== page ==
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I have to give credit to one of my fellow teachers (Ms. Vucin) for this idea. She uses this as an "I'm done! What now?" activity, but you can use it for a writing idea as well. It's a great way to promote creativity!

Take a white piece of paper and draw a large squiggle on it. Photo copy it, and place it out for the kids to use. They twist and turn it anyway they need to, to visualize what that squiggle can become. It can become a snake or part of a river, or an alien- they need to be creative. Then, they write a story to go along with their picture!

I didn't realize how good this activity was until I actually did it with my kids. Their ending products were so creative, I couldn't have imagined some of the things they came up with! They were also very motivated to write the stories since they had come up with such an imaginative picture to start their project!

Color Coded Editing Checklist
I'm sure that every teacher has their version of a "Writers Checklist". And I'm sure that every teacher has students who "say" that they've checked everything over using the checklist, yet there are a million silly mistakes that say otherwise. Am I right? Well, my checklist may solve this problem! Each category in my checklist has been assigned a color. (Capitalization is orange, punctuation is blue, etc...) Not only do students need to check their list off as they proofread their work, but they also must underline (in the assigned color) at least three examples of when they've either made corrections in that category, or when they've shown usage of those writing rules correctly. So, if they see a word that needs to be capitalized, they'll correct it, and then underline it in orange. And if they see that they're missing a period, they'll add it, and then underline it in blue. This way, I can SEE that they understand each category concept, and it forces them to really take the time to use their checklist.

I get these lists laminated in the beginning of the year (Office Max has free laminating in August for teachers!!!) and then punch three holes in the side, so that these checklists can be kept in their binders all year long. Laminating them allows for them to use expo markers to actually check it off, and then erase it when they're finished, so it lasts for the whole school year!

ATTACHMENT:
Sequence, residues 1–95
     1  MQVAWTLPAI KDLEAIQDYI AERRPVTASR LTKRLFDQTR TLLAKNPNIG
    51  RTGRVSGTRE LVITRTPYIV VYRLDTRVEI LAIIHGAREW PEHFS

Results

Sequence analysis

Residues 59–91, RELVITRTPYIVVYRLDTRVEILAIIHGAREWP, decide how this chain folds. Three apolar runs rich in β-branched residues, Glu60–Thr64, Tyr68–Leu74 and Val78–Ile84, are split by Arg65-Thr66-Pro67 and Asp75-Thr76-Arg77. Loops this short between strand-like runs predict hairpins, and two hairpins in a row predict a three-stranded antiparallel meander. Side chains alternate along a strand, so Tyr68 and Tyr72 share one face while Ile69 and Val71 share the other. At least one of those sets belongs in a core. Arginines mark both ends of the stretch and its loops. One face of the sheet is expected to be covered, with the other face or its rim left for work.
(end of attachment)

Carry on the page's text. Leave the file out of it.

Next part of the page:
Download a copy of my editing checklist here!

Gifts of Writing

Randomly, I will give my students a "Gift of Writing" which is a little educational and motivational quote that they can place into their Life Books. I have them write a paragraph analyzing the quote and what it means to them, and then we share our responses. Some teachers give a Gift of Writing after students finish a long-term writing assignment. I found a terrific website that has mini-posters with motivational quotes written on them. What I do is, I copy the poster and shrink it to a 3x5 size in a Word document, and then make enough for everyone. It's nice for the kids b/c there is a picture that goes along with the words and we all know how much kids like pictures! Click below to see the site I use.

Gift of Writing- Free Educational Posters

Ms. Nelson is Missing Writing Unit

I start out the school year as many teachers do, reading the book Ms. Nelson is Missing. This is how I start my writing unit of the school year, by giving my students a variety of writing genres all based on this book. Often times, I don't have time to get into all of these writings that I will list below, and you can pick and choose what is right for your students as well.

*  Narrative:
Students will write their personal account of either a nice teacher they had, a mean teacher they had, or an experience with a substitute teacher, either good or bad.

*  Descriptive Writing: